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Discussion: (2 comments)

  1. There are some quite interesting points to make from Sweden’s example

    http://www.american.com/archive/2008/november-11-08/banking-lessons-from-sweden

    but it is still a social-democratic welfare state, with the world’s second highest taxation (right behind Denmark) filled with rules and regulations. Certainly the overall tax pressure has been reduced by the Reinfeldt conservative administration, but it is certainly not a tax hawk government. Borg’s main focus has been on moving money around in the budget (sometimes in a beneficial direction, as the tax cuts to companies for employing young under the age of 25) and keeping the budget balanced. The government may have its house in order, but ordinary Swedish citizens don’t, with a high degree of personal debt.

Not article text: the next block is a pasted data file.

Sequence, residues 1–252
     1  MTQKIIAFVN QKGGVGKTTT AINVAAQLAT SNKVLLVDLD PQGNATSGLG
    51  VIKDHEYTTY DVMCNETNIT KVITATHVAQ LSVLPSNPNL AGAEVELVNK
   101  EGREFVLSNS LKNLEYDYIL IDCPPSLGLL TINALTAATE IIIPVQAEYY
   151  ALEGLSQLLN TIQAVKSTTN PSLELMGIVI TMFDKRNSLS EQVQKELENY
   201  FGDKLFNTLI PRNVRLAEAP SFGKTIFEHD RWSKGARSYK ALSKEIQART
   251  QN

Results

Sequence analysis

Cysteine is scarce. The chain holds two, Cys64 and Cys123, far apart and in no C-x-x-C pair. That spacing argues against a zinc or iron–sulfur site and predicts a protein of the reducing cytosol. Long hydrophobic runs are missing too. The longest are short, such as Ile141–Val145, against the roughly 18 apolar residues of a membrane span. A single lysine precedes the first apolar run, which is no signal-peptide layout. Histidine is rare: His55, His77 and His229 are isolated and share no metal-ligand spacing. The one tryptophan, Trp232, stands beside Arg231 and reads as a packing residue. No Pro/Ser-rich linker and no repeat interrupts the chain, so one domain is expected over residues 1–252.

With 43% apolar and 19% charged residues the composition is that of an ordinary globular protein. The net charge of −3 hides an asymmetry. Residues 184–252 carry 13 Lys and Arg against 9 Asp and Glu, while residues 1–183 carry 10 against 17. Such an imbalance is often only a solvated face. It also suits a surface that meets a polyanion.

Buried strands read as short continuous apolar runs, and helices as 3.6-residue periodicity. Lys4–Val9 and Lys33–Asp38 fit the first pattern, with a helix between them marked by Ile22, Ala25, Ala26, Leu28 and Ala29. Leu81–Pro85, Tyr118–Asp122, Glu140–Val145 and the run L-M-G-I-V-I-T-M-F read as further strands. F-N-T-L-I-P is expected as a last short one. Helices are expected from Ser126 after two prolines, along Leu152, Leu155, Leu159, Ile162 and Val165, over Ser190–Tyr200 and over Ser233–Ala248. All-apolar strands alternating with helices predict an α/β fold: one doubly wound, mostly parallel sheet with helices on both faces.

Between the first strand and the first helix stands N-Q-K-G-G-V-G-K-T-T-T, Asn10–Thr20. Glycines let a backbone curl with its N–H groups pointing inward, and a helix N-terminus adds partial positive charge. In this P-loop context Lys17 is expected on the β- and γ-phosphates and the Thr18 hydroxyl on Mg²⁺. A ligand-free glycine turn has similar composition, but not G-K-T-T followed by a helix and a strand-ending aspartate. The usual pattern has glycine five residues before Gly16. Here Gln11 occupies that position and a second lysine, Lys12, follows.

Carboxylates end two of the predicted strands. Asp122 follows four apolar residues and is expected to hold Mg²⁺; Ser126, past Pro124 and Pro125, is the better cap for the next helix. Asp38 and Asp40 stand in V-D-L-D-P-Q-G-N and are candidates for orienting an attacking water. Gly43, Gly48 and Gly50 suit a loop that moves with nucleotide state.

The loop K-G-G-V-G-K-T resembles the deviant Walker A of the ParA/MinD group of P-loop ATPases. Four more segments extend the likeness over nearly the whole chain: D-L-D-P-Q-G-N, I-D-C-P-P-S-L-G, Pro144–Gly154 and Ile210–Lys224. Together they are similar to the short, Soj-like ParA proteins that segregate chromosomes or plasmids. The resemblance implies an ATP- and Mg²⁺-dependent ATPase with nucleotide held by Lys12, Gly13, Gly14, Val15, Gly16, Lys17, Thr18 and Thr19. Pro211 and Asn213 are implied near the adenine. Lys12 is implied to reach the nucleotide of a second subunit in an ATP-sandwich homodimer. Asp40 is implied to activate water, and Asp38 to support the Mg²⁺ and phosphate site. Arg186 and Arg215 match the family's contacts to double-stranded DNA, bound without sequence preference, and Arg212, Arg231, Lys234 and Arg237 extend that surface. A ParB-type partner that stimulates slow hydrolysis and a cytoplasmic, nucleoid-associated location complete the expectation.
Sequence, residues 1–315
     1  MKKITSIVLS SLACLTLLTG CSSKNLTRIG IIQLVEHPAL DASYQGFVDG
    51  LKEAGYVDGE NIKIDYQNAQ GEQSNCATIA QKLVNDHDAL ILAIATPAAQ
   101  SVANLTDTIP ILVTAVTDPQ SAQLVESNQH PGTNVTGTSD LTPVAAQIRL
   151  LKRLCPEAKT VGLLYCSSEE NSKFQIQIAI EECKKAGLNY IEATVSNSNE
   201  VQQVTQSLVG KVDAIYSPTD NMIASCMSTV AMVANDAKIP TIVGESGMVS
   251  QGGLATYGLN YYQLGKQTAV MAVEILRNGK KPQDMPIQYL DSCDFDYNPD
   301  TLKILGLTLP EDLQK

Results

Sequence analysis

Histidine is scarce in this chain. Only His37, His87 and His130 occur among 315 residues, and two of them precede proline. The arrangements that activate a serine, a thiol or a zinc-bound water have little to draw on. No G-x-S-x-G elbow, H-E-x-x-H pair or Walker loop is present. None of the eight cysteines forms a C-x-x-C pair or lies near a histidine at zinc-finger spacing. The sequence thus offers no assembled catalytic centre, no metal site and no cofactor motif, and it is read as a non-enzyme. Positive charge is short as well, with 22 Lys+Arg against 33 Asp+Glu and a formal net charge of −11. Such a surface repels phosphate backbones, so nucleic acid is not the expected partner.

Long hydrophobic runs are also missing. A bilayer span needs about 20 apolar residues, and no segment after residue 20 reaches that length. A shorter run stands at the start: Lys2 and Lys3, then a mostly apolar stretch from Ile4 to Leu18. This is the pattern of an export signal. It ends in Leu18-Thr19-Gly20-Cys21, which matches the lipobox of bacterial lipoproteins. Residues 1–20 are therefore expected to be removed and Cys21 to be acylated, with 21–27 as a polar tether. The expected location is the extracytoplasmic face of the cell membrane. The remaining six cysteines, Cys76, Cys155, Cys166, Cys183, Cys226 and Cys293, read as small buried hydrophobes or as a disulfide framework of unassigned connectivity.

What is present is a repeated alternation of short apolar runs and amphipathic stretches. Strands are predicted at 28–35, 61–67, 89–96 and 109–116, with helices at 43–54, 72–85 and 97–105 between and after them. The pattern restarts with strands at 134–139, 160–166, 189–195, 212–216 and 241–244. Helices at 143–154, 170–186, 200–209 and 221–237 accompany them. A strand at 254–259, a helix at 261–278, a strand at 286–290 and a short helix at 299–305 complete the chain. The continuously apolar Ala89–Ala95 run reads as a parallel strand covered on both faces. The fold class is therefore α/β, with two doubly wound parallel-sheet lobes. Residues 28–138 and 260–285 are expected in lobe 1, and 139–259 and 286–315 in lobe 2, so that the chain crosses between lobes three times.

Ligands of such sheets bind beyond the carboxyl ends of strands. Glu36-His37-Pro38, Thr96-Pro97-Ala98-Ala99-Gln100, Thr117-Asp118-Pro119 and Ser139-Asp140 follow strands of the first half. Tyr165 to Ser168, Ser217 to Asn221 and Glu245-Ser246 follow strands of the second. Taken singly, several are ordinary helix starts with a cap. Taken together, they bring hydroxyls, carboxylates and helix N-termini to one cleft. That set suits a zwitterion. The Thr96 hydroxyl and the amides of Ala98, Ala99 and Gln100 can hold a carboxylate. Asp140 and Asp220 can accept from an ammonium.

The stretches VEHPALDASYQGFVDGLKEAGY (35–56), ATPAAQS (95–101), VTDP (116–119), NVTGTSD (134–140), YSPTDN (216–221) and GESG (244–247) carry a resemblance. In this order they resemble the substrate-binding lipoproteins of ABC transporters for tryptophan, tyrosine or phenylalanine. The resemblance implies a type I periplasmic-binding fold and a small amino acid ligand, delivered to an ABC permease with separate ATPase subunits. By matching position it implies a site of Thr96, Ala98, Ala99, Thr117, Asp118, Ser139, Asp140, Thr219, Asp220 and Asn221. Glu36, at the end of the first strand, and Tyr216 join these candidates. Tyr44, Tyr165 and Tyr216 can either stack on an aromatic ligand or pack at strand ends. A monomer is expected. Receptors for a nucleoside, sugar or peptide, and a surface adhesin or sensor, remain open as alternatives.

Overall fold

The economy of Sweden in the first quarter of 2012 shrunk most in the whole of Europe, which is not that surprising as the economy is dependent on foreign trade that produces 60% of the GDP. This is not entirely the fault of the government’s policies, but it shows that the country’s economy has a strong dependency on factors the Swedish government cannot influence – for better or for worse.

    The center-right government’s policies have generally been in a good direction, but I am tempted to note that it is rather easy to become the poster boy of fiscal conservatism and liberalization today. You become a tax punk rocker by not being a tax hiker.

    PS. Conservative governments have been re-elected before, as in 1979 but not with the same good results as the present.

  2. I guess those tax cuts for the rich didn’t work out after all, did they? Don’t worry, they didn’t work in the USA, or in Italy or Spain or Greece either.

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